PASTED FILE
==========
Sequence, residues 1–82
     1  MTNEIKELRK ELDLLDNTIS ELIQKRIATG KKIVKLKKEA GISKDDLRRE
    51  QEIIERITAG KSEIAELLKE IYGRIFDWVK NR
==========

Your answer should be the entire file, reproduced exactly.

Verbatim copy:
Sequence, residues 1–82
     1  MTNEIKELRK ELDLLDNTIS ELIQKRIATG KKIVKLKKEA GISKDDLRRE
    51  QEIIERITAG KSEIAELLKE IYGRIFDWVK NR